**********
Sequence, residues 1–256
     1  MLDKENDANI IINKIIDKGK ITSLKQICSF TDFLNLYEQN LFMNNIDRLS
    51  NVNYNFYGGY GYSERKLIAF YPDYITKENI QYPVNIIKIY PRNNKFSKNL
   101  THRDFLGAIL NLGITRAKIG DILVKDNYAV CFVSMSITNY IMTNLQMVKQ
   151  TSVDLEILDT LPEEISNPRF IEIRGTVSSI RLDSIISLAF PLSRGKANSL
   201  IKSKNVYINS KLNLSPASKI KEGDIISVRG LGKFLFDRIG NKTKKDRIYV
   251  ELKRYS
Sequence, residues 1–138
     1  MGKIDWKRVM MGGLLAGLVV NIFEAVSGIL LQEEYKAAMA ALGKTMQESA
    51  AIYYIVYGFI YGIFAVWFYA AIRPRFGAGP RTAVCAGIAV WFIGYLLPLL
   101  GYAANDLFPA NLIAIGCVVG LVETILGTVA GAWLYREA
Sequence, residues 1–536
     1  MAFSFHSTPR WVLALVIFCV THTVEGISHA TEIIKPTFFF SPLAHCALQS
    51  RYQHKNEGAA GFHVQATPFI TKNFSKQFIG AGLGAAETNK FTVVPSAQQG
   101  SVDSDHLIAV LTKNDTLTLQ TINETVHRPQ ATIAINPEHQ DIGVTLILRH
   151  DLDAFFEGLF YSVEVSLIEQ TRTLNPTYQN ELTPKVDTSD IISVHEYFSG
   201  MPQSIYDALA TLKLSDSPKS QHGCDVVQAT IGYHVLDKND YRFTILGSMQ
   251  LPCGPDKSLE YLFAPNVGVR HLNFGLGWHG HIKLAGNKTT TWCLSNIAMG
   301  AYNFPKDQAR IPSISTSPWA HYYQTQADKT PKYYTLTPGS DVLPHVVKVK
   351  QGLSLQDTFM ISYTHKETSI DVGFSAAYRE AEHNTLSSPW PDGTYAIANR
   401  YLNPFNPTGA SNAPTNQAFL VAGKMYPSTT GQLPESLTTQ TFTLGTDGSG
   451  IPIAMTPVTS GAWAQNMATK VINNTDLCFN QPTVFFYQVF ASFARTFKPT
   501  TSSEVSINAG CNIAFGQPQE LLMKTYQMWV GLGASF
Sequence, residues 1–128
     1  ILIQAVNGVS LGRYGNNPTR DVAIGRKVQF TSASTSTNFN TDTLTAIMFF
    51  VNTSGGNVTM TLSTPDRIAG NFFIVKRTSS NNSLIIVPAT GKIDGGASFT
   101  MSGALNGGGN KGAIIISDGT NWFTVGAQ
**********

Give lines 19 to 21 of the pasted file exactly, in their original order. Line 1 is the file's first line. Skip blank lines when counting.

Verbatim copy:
   301  AYNFPKDQAR IPSISTSPWA HYYQTQADKT PKYYTLTPGS DVLPHVVKVK
   351  QGLSLQDTFM ISYTHKETSI DVGFSAAYRE AEHNTLSSPW PDGTYAIANR
   401  YLNPFNPTGA SNAPTNQAFL VAGKMYPSTT GQLPESLTTQ TFTLGTDGSG